Law enforcement agencies and MADD hope to reduce the number of drunken-driving accidents.
Mothers Against Drunk Drivers and the state's law enforcement agencies are joining forces to crack down on drunken driving in Kansas.
MADD has designated Wednesday through July 5 as National Sobriety Checkpoint Week.
The organization is encouraging increased use of sobriety checkpoints as a means of deterring and detecting alcohol-impaired drivers and promoting seat-belt use.
"It wouldn't surprise me if folks out traveling in our state do come across some checkpoint next week," said Sgt. Terry Maple of the Kansas Highway Patrol. "It's a good opportunity for law enforcement."
Maple said drivers surveyed in the checkpoint lines indicate they favor them as a way to keep the highways safe.
"People are glad to know we're out there trying to remove alcohol- and drug-impaired drivers from our highway," Maple said.
The National Highway Traffic Safety Administration estimates that from 9 p.m. to 3 a.m. on a weekend evening, about 5 percent of the drivers on the road are driving with an alcohol concentration above the legal limit.
Maple said more information on the checkpoints is expected to be released next week at a news conference featuring the governor, MADD officials and state transportation and law enforcement officials.
Lt. Ed Brunt of the Lawrence police department and Douglas County Sheriff Loren Anderson said their agencies haven't yet been contacted about the checkpoints.
"Obviously, we're going to keep our normal patrols out looking for drunken drivers," Brunt said.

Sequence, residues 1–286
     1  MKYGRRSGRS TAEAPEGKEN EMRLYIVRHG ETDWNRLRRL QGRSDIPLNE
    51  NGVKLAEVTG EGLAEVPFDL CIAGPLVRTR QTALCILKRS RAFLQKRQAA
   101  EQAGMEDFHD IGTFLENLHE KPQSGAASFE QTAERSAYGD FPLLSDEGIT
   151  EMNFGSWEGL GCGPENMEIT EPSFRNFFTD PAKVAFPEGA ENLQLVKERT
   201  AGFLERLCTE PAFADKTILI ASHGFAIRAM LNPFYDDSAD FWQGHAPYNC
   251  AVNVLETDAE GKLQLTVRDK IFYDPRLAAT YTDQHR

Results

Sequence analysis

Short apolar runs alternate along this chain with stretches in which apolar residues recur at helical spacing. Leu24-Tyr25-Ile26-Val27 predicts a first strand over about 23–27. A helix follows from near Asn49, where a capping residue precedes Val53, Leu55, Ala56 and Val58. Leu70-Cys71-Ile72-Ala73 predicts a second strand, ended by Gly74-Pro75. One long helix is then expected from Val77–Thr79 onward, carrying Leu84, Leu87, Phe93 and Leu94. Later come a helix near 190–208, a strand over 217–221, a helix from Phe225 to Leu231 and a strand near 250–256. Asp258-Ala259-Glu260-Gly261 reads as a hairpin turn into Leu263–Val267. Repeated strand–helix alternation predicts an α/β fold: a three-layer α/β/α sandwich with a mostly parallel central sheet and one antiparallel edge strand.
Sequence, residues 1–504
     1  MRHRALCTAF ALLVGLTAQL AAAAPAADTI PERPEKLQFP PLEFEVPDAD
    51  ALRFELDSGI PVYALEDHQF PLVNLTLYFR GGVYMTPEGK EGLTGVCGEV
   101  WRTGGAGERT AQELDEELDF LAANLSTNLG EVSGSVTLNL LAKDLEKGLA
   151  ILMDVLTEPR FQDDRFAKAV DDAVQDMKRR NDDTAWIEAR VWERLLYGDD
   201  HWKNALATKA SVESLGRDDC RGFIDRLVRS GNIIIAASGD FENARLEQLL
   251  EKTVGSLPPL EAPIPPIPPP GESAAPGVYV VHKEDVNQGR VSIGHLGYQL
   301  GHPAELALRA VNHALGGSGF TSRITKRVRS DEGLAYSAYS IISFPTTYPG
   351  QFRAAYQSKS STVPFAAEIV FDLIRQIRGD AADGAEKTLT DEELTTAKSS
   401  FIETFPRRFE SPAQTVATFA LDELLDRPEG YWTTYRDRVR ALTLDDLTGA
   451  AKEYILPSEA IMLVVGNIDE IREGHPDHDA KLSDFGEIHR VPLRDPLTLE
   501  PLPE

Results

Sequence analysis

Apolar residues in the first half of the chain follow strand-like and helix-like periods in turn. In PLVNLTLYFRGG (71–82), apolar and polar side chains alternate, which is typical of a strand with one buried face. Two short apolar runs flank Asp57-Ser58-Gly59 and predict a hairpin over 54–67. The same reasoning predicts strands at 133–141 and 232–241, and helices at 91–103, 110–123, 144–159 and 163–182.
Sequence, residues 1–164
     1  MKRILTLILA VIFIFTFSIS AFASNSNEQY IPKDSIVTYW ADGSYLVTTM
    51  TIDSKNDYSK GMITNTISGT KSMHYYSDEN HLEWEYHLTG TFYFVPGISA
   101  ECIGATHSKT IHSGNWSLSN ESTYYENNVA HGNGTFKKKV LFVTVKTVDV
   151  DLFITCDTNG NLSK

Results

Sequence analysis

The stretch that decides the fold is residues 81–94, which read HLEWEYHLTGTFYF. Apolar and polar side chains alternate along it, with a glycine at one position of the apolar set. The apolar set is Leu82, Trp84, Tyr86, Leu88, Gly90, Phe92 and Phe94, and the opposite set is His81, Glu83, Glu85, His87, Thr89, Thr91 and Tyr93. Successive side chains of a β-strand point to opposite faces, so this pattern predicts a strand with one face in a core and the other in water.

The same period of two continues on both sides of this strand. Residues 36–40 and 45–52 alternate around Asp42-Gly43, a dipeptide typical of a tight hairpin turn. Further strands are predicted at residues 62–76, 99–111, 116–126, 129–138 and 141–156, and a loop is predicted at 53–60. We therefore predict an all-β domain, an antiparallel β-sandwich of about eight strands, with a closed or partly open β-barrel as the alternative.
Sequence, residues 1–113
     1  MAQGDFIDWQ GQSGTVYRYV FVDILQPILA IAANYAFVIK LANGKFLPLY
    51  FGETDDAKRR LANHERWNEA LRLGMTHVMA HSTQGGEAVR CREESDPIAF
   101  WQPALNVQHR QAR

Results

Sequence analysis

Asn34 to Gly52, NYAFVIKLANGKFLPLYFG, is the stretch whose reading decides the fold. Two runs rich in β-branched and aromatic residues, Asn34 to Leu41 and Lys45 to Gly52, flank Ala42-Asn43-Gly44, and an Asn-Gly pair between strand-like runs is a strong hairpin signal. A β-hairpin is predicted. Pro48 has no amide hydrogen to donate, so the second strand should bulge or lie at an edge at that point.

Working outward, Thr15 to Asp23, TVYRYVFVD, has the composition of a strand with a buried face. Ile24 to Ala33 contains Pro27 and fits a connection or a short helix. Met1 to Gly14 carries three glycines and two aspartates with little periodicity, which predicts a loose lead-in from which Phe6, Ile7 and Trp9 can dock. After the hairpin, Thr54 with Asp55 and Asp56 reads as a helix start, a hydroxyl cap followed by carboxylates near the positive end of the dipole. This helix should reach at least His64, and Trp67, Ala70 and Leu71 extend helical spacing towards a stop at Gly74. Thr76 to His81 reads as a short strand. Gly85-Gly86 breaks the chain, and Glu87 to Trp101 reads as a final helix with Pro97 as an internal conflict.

That includes the normal patrol units as well as the special Alcohol Safety Awareness Project units, which are specifically designated to apprehend drunken drivers, he said.
Diane Poot, MADD state chairwoman, said the sobriety checks help save lives by reducing the threat of drunken-driving accidents.
State figures show that alcohol-related injuries from traffic accidents in the state have dropped overall in the past five years, although they have increased slightly since 1992.
Statewide, drunken driving arrests decreased from 22,569 in 1992 to 19,796 in 1993, according to Jim Schaller, research analyst for the bureau of traffic safety at KDOT.
The Douglas County Sheriff's office released figures that show sheriff's officers made 119 drunken driving arrests in 1993, 164 in 1994 and 130 so far this year.
No drunken-driving arrest information was available late Friday from Lawrence police.
Statewide, the number of alcohol-related traffic accidents across the state has dropped from 3,572 in 1993 to 3,554 in 1994. Alcohol-related fatalities across the state have increased from 92 in 1993 to 109 in 1994.
KDOT figures show that in Douglas County, there were 183 alcohol-related crashes in 1990; 183 in 1991; 189 in 1992; 198 in 1993; and 162 in 1994. Fatality accidents in the county due to alcohol were as follows: one in 1990; six in 1991; four in 1992; four in 1993; and two in 1994.